Super Puma crash probe chair sets out timetable

A diver works on the wreckage of the Super Puma L2 helicopter
A diver works on the wreckage of the Super Puma L2 helicopter

The chairwoman of a powerful Westminster committee investigating helicopter safety in the North Sea wants its inquiry to start within weeks – but believes a wider probe may also be needed.

Labour MP Louise Ellman, who is in charge of the Commons transport select committee, said the inquiry announced on Tuesday was likely to make recommendations to the UK Government to try to improve offshore safety.

However, she said it should not be considered an alternative to the full, independent public inquiry being demanded by trade unions and some north-east MPs.

The committee’s probe follows the deaths of four workers when a Super Puma crashed off Shetland last month – the fifth incident in just four years.

Speaking to the Press and Journal yesterday, Mrs Ellman said: “My attention was drawn to this by Frank Doran (Labour MP for Aberdeen North), who I know is very concerned.

“I know the accident recently with four fatalities is not the only incident there has been with these helicopters, which are so important in terms of getting people to and from work.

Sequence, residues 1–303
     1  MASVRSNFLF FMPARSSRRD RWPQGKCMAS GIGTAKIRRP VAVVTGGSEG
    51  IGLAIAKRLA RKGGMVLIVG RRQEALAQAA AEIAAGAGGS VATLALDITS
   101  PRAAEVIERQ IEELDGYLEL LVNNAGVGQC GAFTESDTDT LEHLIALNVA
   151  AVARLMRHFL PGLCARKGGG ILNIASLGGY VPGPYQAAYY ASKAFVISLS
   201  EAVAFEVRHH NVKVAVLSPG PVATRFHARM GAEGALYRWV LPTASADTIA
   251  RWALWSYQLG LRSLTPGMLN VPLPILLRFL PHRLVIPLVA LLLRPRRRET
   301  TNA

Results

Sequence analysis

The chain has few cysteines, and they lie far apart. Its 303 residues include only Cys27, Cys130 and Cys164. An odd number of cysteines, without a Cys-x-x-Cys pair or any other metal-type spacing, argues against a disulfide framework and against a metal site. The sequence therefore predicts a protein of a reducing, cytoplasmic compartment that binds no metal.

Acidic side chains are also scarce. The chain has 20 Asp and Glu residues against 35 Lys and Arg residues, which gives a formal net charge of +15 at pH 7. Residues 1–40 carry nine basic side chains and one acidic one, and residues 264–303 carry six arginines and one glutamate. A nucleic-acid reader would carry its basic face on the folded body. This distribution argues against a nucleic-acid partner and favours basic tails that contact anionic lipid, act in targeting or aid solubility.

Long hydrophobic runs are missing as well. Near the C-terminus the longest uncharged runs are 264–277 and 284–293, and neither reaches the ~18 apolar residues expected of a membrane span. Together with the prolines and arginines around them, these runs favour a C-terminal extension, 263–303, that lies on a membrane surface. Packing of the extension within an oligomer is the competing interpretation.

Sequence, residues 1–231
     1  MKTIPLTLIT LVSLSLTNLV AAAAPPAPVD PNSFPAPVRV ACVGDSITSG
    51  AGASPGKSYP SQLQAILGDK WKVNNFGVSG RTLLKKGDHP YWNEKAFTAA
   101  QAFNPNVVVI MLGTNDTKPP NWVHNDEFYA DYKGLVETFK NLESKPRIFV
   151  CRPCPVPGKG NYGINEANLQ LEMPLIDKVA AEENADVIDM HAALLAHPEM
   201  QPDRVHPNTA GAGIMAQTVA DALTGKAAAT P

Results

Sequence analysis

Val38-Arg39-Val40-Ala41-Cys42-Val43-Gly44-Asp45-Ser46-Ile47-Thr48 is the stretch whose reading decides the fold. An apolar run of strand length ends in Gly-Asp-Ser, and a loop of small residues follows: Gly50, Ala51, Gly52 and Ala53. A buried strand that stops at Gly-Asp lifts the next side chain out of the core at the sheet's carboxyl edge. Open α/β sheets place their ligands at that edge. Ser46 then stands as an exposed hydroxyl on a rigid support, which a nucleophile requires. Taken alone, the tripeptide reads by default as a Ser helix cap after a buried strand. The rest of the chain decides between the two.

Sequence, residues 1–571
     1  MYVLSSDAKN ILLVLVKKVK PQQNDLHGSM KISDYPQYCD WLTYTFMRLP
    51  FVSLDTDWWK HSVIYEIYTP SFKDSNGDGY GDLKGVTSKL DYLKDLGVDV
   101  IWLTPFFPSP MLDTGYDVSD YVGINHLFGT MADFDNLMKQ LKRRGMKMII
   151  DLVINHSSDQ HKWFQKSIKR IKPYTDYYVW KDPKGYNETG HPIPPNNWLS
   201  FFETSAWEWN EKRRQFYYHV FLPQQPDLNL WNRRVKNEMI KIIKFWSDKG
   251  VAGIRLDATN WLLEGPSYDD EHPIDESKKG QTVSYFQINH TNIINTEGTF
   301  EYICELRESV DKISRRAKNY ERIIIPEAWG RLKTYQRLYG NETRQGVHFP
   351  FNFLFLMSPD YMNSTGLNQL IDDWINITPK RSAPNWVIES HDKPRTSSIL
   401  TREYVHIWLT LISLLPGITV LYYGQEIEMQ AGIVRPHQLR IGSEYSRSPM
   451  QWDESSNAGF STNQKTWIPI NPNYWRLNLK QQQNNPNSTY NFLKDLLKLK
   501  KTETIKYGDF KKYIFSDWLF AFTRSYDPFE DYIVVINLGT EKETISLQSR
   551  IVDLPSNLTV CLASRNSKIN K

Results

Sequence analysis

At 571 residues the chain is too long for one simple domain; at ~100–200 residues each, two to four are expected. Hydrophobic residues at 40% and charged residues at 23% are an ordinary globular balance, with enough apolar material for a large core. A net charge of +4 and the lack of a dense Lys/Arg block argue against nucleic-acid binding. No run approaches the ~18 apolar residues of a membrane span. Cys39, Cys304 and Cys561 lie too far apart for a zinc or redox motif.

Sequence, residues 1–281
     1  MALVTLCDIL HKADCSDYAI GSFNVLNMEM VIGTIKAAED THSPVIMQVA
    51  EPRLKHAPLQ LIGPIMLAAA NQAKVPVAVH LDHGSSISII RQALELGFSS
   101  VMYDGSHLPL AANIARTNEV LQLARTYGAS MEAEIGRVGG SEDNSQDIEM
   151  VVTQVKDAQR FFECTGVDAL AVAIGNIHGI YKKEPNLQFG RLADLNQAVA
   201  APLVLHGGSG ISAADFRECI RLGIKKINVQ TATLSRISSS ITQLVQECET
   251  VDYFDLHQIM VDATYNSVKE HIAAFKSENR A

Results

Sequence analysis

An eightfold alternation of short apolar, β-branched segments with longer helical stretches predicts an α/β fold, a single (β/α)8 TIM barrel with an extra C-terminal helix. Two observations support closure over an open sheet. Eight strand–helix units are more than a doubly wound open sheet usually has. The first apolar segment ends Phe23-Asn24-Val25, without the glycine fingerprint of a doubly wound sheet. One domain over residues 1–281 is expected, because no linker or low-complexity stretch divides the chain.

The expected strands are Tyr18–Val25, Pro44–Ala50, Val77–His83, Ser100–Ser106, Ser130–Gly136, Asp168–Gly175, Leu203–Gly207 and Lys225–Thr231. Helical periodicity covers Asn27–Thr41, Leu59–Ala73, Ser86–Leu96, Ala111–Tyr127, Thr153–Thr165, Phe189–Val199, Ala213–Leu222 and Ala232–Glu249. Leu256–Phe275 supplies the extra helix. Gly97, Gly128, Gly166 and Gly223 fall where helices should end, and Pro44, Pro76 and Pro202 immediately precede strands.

“The inquiry will probably be held in the autumn. We are going to talk to the Air Accidents Investigation Branch first. I think we will want to familiarise ourselves with where they are.”

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Asked if the committee was likely to make recommendations to the government, Mrs Ellman said: “I would hope so.”

However, she added: “I don’t envisage this as the major public inquiry that Frank is calling for. It will be a smaller inquiry.”

Mrs Ellman said “it may well be the case” that a full inquiry was also required, but would not be drawn on whether that could be a recommendation.

Meanwhile, Scottish Secretary Michael Moore said that the Government was committed to learning lessons from the incident, after it was raised in Westminster yesterday.

“The industry has been quick to engage with all the stakeholders and, most importantly, with the workforce. The government will engage with all partners to ensure that the lessons of this tragic accident are learned properly,” he said.

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